Re: SVG and Screen Readers

Hey, Dr. O-

Yeah, you've hit the nail on the head.

In my own way, I've already been doing this.  I made a small library 
freely available on my site, which displays a rich tooltip 
based on 'title' and 'desc' content, and it is pretty widely used. 
Opera has also taken a step forward and displays the content of the 
'title' as a tooltip natively. (Go Opera!)

This gives authors a concrete reason to use 'title' and 'desc', if they 
are using my tooltip code or the Opera browser.

I appreciate your pragmatic approach.


Dr. Olaf Hoffmann wrote:
> Hello,
>> Finally, I am eager to take into account any feedback on how the SVG 
>> spec could be made more accessible by these implementors or authors with 
>> specific advice. I am also available to discuss and explain the 
>> accessibility features we already have.
>> Regards-
>> -Doug
> I think, the first step to improve accessibility is to make such 
> elements like title and desc in general more attractive or 'sexy' 
> for any author ;o)
> In SVG 1.1 it is only mentioned:
>> Each container element or graphics element in an SVG drawing can 
>> supply a 'desc' and/or a 'title' description string where the 
>> description is text-only. When the current SVG document fragment 
>> is rendered as SVG on visual media, 'desc' and 'title' elements 
>> are not rendered as part of the graphics. User agents may, however, 
>> for example, display the 'title' element as a tooltip, as the pointing 
>> device moves over particular elements. Alternate presentations are possible, 
>> both visual and aural, which display the 'desc' and 'title' elements 
>> but do not display 'path' elements or other graphics elements. 
>> This is readily achieved by using a different (perhaps user) style sheet. 
>> For deep hierarchies, and for following 'use' element references, 
>> it is sometimes desirable to allow the user to control how deep they drill 
>> down into descriptive text.
> It should be already useful to add something like:
> "user agents have to provide a simple method for the user to get an easy 
> access to the information in desc and title elements. How to do this
> is not specified here and depends on the possibilities of the user agent.
> Competitions between different user agents might show in the future 
> different ergonomic solutions for the best accessibility of the content
> of these elements. 
> For example for user agents with advanced graphical abilities an
> additional entry in a content menue to open an additional window or tab
> with the information of desc and title would be sufficient. Others
> might provide an alternative structured text view or an structured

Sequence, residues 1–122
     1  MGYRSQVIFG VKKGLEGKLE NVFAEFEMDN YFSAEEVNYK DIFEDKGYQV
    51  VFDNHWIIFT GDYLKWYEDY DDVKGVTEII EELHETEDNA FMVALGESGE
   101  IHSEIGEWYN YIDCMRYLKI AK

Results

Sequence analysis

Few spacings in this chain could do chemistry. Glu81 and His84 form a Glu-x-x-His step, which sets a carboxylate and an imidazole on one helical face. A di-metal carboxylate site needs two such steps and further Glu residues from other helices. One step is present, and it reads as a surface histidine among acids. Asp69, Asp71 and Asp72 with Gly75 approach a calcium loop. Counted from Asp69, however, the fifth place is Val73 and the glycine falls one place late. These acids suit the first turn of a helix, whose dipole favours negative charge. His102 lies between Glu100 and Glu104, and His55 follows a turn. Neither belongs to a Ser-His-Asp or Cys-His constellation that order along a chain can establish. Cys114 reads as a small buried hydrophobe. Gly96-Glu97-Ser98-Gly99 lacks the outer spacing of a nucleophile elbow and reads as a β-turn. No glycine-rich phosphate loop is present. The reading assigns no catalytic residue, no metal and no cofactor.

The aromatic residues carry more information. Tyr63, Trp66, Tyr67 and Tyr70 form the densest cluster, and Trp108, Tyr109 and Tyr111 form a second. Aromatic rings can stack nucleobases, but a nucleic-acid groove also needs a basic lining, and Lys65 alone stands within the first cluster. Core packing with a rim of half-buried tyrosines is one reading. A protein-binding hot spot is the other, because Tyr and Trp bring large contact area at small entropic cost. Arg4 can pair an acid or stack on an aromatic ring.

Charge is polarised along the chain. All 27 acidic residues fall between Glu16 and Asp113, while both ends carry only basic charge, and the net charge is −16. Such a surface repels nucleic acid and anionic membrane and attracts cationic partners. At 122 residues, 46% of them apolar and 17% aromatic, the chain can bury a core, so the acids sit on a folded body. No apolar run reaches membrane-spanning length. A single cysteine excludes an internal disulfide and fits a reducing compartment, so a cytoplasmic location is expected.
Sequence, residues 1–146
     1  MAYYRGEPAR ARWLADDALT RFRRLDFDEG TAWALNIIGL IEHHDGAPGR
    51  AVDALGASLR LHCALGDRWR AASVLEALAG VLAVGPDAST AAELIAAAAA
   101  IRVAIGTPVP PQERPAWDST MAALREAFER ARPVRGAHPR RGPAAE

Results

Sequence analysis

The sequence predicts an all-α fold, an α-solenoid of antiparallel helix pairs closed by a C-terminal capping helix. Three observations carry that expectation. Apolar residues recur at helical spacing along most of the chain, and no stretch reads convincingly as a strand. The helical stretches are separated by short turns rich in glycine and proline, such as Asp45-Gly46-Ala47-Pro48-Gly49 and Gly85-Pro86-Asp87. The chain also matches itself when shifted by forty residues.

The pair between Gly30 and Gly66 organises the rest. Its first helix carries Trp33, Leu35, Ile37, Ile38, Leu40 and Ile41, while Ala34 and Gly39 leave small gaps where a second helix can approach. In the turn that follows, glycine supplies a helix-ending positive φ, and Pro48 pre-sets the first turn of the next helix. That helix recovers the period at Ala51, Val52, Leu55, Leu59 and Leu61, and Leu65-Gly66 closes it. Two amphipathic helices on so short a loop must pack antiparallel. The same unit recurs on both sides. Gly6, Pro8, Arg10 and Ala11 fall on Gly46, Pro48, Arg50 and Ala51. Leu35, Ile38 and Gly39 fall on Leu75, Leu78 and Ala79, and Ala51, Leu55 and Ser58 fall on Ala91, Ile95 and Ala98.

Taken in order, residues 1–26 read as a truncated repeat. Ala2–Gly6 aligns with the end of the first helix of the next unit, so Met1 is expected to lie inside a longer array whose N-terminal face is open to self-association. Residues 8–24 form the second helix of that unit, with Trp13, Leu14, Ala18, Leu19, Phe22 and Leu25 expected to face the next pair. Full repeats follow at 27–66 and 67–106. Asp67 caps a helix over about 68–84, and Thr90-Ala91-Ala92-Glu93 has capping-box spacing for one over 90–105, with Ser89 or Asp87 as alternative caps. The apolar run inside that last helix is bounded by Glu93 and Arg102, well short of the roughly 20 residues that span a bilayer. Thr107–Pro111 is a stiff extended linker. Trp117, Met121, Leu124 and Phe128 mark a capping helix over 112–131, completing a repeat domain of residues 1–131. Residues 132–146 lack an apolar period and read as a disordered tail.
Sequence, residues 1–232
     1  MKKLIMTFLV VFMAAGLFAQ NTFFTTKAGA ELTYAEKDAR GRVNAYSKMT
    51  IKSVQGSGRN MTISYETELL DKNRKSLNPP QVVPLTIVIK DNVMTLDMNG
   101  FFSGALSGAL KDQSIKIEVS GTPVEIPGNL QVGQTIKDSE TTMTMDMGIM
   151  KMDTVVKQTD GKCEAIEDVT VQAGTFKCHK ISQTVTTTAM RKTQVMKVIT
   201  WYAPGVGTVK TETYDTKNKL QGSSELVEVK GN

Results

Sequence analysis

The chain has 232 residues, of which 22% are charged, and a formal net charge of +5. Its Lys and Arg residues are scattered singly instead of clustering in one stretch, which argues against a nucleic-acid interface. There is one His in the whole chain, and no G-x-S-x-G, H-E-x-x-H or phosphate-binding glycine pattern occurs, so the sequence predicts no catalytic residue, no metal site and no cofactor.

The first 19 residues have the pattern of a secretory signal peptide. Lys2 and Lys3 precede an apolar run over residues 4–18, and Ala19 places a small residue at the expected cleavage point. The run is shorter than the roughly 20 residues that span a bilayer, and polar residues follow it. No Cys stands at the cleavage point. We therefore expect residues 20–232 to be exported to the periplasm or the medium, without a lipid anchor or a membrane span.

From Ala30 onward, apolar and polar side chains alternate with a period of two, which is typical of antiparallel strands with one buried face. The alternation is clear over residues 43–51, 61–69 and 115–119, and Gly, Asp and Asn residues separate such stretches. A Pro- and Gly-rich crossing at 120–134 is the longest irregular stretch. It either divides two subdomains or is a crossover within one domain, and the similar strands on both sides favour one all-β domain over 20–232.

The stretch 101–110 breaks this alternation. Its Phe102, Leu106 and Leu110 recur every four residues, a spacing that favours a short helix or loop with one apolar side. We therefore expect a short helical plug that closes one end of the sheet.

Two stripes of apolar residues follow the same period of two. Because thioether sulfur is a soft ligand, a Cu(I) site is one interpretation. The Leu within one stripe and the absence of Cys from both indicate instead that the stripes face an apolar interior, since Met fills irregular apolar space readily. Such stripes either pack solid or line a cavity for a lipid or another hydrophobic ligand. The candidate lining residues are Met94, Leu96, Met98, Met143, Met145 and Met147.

> aural presentation of the document including all text containing elements 
> on demand."
> Only if it has a usable function for any user and author and
> anyone has a clear benefit from such elements as title and
> desc, more and more authors will use them - maybe several
> of them not in the intended way, but anyway they will start to
> think about using it and hopefully many of them in a useful
> way for any user.
> If the support is only optional or just possible or only needed,
> if the graphical representation is not possible, most authors
> will not care, because there is no benefit for them in their
> preferred (graphical) user agent. In the current situation we have
> the possibility for authors to do something useful, but because
> they cannot observe any benefit in their preferred user agent,
> they will not do it. Improvements here are mainly psychology
> of the average author - if they see the elements have a general
> impact and purpose, they will be used, if not, these elements to 
> improve accessibility are just a lip service in the specification 
> without any practical relevance... 
> Another parallel approach is to optimise examples in the
> specification and test suite, for example to use good title
> and desc elements and to prefer events like '(on)activate' additionally
> or instead of '(on)click', if the last one is not explicitely tested.
> This will focus the attention of developers and authors more on such
> device independent events - if they are supported, they can be used,
> if authors see in the examples, that they are used, they will continue
> to use it. Again, to improve accessibility, it is mainly psychology
> of the average author. They even have not to know something about
> accessibility, if they just use such elements and events additionally
> or instead of others, if the others are not needed explicitely. 
> And they will use them, if they see a general benefit.


Research and Standards Engineer
6th Sense Analytics
mobile: 919.824.5482

Received on Saturday, 10 February 2007 17:56:45 UTC